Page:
yourself with such philosophical

issues. The only person not to

have a say in what happens to

information about you is you.

 

In any case, the information

these companies use is something

you gave away. To get

metaphysical about it, it's not

yours - it is the contents of

someone else's mind. It is about

you, certainly, but it is not

yours. Personal-information

list-trading practices can

affect individual lives at very

close range, true: Witness the

front-page-of-The-

New-York-Times embarrassment

of having a prisoner begin

fantasy mail relationships with

unsuspecting women based on

information he gleaned from his

job as an envelope-stuffer. And,

hey, a New York Times front page

is probably better than

government action - and can

often be counted on to lead to

same.

 

The government doesn't give a

flying aspidistra about your

privacy, except to ensure that

you can't protect it yourself

well enough to send encrypted

computer messages it can't read,

or make phone calls it can't

tap. Even as it huffs and puffs

to prove that by god it won't

let some jackanapes get away

with sending you promotional

junk mail that's targeted to

your previously exhibited buying

interests, it is trying

desperately to make sure that

nothing you say or write can

ever be beyond its purview.

 

[We serve cookies.  I think we serve about a hundred of 'em.  Cookies are good for your harddrive.  Trust suck on this one.]

Internet "cookies" and "agents"

can help someone keep track of

your Web site visits and

purchases. Interconnected

computer databases can link your

ZIP Code with some brand of soap

you bought with your car

registration, to what end who

knows. And the government wants

to be able to read all your mail

and listen to all your phone

calls. Pick your own threat to

privacy.

 

[This is a picture of a guy with his mouth hanging wide open.  He looks dumb, so it's just as well that you can't see him.]

Privacy is not so much a right,

in terms of marketing, as it is

of cost-benefit analysis: All

sorts of modern conveniences

create long-lasting electronic

records of things you might not

want everyone to know, whether

it be credit cards (believe it,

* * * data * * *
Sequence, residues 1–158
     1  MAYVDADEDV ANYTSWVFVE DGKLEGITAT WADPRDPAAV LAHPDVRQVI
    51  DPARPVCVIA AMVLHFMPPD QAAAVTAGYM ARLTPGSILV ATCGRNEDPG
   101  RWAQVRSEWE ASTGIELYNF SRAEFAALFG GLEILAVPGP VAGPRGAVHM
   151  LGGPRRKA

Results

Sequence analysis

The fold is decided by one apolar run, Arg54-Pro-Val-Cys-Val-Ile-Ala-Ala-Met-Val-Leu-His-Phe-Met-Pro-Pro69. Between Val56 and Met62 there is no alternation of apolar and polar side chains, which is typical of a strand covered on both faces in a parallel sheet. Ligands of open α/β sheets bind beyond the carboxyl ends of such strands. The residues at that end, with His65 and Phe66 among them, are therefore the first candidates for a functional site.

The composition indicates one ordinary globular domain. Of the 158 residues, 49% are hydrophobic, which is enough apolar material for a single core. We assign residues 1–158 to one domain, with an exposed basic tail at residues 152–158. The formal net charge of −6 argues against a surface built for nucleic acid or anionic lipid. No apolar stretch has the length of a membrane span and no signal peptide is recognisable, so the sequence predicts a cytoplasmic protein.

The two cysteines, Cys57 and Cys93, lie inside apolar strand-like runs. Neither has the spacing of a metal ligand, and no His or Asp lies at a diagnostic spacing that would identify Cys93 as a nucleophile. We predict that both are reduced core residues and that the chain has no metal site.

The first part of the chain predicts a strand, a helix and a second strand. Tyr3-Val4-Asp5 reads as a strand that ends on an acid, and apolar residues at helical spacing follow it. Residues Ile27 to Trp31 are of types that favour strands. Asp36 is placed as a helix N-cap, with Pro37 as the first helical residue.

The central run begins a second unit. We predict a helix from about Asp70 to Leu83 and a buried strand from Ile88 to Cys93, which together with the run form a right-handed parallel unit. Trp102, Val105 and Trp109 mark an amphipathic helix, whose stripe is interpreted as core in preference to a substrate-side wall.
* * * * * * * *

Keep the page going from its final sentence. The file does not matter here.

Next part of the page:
scaredy cat, using one at a

local restaurant or Gap is as

dangerous as using one for

Internet commerce) or ATMs or

electronic toll roads. And if

you are going around filling out

consumer interest surveys for

magazines or products - the

source of a lot of list-sellers'

information, and how that poor

woman found herself the subject

of mash notes from prisoners and

on the cover of the Times -

well, pretty soon, you'll know

better.

 

[ Read 1984 in 6th grade.  It damaged me.]

It's tough to credit with

sincerity the FTC's attempt to

get to the bottom of why it is

junk mail and email will be

becoming better and more

sinisterly targeted in the

future, when every actually

sinister possibility of privacy

violation is directly connected

with such things as

government-issued Social

Security numbers (our de facto

national ID number, though de

jure none is allowed) and

government-planned mandatory

encryption-key escrow. Of

course, the vows to behave on

the part of companies holding

onto potentially lucrative

information can't be taken

entirely seriously either. It's

absurd to have such vows

extracted under threat from the

institution that thinks it must

be able to hear every phone call

and read every email. In the

wonderful world of tomorrow, no

one is going to be concerned

about your privacy but you. If

it's really, really important to

you - like, "I'm avoiding a

multiple-murder rap" important -

"off the grid" living in the

wilds of Montana is always an

option. That's not your cup of

tea? Someone with money at stake

is apt to find out what is, and

send you unsolicited email

trying to sell it to you. Yes,

it's positively Orwellian: a

boot being hawked to a human

face, forever.

 
 
 
courtesy of Eugen von Bohm-Bawerk